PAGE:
Or we would play pick-up baseball in the cul-de-sac until our bare feet burned. We would wait for the Good Humor ice cream truck to come by at 3 p.m. or so. We’d play Army, but, oddly, not Vietnam. WWII.
We talked about the moon. We discussed the new Revell (they were by far the best brand) Apollo models we were building. I took a crack at the Command Module and the LEM. Mine sucked. Glue everywhere, bad paint job. I played with them endlessly anyway.
We also built elaborate space capsules with boxes and Christmas lights. I had read in Life Magazine that, I believe, Buzz Aldrin’s son spent the entire moon mission in a homemade space capsule, maybe as a way to cope with the stress of knowing his father was doing something similar, except that Buzz couldn’t pop out for Froot Loops or a re-run of “The Monkees.”
The day of the Apollo 11 launch, I was in our rec room (no one has those now). It was morning, and I recall the fine filtered, yellow Florida sunlight showed the 363-foot Saturn V in silhouette on TV as a steam drifted off the liquid oxygen tanks. A crude chyron display showed the time until the launch (9:16 AM EDT), and periodically the hard syllables of Jack King, the voice of Mission Control, would tell his audience that the astronauts were going through checklists or that something or other looked good.
The four days while the astronauts were traveling were something of a blur. Kids played outside, saying things like “They’re up there,” while we continued our cutthroat Monopoly games and rode banana seat bikes to the Good Humor truck, our personal spacecraft that delivered the tasty Strawberry Shortcake (25 cents – too much) bar or, perhaps, a red, white and blue rocket pop (15 cents – swingable).
We collected the stories in the Washington Evening Star and the pictures from Life and Look, none of which exist now.
We watched many hours of ABC Science Editor Jules Bergman interviewing people about various technical aspects of the launch, frequently employing models (far better than mine) to describe the event currently taking place. Translunar Injection! Extraction of the LEM! These are phrases that still bounce around in my 58-year-old head.
On NBC, a Gulf oil logo on the anchor desk let viewers know that Gulf was good, and that they supported the moon landing. I also seem to recall a Tang logo on an anchor desk.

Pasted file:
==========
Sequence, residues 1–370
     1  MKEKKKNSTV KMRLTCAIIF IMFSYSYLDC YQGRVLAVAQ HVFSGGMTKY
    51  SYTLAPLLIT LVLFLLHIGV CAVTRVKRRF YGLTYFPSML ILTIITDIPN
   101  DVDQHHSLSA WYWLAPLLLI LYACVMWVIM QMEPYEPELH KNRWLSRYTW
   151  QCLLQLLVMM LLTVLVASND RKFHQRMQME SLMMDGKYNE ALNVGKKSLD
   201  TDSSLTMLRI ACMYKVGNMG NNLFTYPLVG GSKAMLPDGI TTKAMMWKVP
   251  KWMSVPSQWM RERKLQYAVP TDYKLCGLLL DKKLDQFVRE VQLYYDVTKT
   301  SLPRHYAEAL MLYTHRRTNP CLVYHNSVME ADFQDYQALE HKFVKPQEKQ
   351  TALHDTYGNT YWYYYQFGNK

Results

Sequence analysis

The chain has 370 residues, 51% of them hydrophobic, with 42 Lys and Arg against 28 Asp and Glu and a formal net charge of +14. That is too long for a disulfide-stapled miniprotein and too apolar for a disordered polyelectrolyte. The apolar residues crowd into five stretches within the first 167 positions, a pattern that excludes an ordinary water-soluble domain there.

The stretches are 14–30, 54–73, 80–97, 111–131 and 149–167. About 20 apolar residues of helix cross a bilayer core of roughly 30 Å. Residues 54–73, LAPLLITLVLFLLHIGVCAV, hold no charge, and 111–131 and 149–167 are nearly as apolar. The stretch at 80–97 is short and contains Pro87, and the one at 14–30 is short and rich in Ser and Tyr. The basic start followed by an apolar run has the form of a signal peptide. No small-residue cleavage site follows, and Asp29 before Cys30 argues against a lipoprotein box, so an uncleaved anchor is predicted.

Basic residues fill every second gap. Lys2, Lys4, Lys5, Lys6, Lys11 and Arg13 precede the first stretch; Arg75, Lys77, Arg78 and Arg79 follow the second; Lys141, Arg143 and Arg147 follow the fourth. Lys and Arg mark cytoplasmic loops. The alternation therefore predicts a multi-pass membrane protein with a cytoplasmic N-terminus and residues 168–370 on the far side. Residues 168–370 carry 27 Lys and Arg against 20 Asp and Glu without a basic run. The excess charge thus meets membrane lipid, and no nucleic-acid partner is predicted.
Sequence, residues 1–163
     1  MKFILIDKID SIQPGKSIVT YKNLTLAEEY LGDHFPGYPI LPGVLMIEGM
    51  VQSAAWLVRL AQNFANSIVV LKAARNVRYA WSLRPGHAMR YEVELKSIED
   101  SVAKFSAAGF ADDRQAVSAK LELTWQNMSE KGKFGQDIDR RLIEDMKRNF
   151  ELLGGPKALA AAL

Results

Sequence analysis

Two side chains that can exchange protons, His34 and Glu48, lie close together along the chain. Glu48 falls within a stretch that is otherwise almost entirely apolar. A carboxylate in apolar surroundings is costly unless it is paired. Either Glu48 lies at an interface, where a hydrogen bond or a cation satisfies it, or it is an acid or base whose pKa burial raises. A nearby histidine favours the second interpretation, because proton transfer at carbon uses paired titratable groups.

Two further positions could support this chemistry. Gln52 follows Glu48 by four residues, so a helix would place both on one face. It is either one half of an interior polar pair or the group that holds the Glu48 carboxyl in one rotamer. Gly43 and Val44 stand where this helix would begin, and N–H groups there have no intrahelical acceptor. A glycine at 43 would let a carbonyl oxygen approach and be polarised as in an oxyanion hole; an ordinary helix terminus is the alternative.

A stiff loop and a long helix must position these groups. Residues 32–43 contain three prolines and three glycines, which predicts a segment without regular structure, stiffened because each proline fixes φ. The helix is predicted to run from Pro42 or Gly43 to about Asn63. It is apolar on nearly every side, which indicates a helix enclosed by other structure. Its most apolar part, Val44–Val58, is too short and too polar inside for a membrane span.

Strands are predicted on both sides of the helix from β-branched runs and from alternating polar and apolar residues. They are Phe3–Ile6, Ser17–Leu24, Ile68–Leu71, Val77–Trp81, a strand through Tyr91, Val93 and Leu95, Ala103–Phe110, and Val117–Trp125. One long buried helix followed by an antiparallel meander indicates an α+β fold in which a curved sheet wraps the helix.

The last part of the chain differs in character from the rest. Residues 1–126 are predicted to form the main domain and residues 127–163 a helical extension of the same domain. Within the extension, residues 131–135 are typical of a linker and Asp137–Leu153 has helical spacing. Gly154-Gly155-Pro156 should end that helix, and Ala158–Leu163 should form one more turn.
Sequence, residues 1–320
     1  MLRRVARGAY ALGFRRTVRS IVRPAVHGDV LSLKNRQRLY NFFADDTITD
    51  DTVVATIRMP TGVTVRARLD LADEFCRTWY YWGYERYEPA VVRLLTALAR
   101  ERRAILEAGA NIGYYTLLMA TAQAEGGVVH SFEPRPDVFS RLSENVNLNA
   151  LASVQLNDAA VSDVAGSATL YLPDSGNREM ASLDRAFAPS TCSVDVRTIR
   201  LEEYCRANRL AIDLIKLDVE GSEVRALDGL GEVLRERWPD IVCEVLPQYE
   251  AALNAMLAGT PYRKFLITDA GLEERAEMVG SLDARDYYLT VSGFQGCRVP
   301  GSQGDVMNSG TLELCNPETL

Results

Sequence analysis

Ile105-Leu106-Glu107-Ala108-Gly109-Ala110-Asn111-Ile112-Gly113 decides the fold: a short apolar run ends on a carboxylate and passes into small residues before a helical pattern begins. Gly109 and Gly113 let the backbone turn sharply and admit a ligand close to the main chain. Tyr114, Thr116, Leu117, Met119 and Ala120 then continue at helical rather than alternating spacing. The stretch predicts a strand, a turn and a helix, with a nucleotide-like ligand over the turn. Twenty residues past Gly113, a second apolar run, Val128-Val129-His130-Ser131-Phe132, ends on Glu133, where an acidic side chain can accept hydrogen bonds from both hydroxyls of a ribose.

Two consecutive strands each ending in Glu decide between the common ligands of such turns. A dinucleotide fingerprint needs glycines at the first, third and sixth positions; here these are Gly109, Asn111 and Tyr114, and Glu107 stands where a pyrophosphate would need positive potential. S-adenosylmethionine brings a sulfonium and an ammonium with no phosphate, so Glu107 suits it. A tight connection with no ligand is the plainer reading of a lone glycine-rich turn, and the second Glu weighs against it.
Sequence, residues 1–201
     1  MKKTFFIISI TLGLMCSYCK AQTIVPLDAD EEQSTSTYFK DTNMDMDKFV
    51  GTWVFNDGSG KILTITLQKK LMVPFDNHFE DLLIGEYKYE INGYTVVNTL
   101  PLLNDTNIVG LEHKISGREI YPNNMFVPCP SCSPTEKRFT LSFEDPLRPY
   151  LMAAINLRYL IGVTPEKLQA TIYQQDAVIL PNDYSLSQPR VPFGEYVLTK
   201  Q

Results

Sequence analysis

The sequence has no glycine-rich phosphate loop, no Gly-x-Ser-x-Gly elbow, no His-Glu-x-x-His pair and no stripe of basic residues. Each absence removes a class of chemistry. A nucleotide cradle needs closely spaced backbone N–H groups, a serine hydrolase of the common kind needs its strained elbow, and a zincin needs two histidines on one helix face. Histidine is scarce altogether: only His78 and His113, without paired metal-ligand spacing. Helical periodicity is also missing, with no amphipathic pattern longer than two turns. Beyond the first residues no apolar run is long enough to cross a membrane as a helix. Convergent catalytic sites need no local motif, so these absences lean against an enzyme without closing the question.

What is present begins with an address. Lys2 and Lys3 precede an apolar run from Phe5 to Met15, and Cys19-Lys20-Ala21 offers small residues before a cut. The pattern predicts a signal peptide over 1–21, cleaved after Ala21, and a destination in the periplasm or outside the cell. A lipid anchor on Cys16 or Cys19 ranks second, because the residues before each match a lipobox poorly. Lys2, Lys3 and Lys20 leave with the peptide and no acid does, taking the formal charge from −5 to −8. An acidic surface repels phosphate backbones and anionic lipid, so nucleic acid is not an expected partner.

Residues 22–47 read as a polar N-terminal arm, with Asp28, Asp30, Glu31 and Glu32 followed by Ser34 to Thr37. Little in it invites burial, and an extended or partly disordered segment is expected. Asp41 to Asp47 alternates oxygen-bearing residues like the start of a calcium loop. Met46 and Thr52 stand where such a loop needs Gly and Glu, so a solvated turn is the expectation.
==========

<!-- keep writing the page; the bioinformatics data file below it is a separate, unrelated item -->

I do recall the actual landing of the LEM on the moon. It was sometime midday, I think. My dad laughed when the Mission Control guy said, “You’ve got a bunch of guys about to turn blue.” But that’s all.
In the evening of July 20, my parents huddled around the television with me. Being 8, the scheduled moonwalk at 10:58 p.m. Eastern was about two hours past my bedtime. I fell asleep on the floor.
I recall being awakened by my parents frantically lifting my head up and down to keep me awake to watch Neil Armstrong take the first step. I recall the blue blur of the screen and the static-filled conversation as it happened, as I struggled for consciousness. That’s all I have, and I will bet half the people my age on the east coast had a similar set of history-minded parents trying to keep them awake.
Fifty years later, the Apollo 11 landing is being marked by what will undoubtedly be the last baby boomer milestone anniversary. Buzz Aldrin and Mike Collins, the Command Module pilot, are still alive. Aldrin is 90 and Collins is 88. Neil Armstrong died at 82 in 2012.
Both Aldrin and Collins still make public appearances, and many of the principals in the moon landing are still alive: Chris Kraft, Gene Kranz, and many others survive. The younger engineers are in their early to mid 70s.
People my age will watch the documentaries and movies. They will marvel at having the beautiful shared experience of being alive and conscious during humankind’s greatest achievement. Some will shed tears, others will listen to their children and grandchildren wax endlessly about the new “Star Wars” movie.
We will not remind them that we actually saw the real thing. That’s our little gift, our giant leap over their manufactured space experience.
We got to accompany Neil, Buzz and Mike on a vicarious joyride on our banana seat bikes and cardboard spaceships that not even Pixar or George Lucas could conjure.
Luke Skywalker? Buzz Lightyear? Han Solo? Meh.
Neil, Buzz and Mike, baby.
Let’s hit the Good Humor truck to celebrate. I’ll buy you a red, white and blue rocket pop.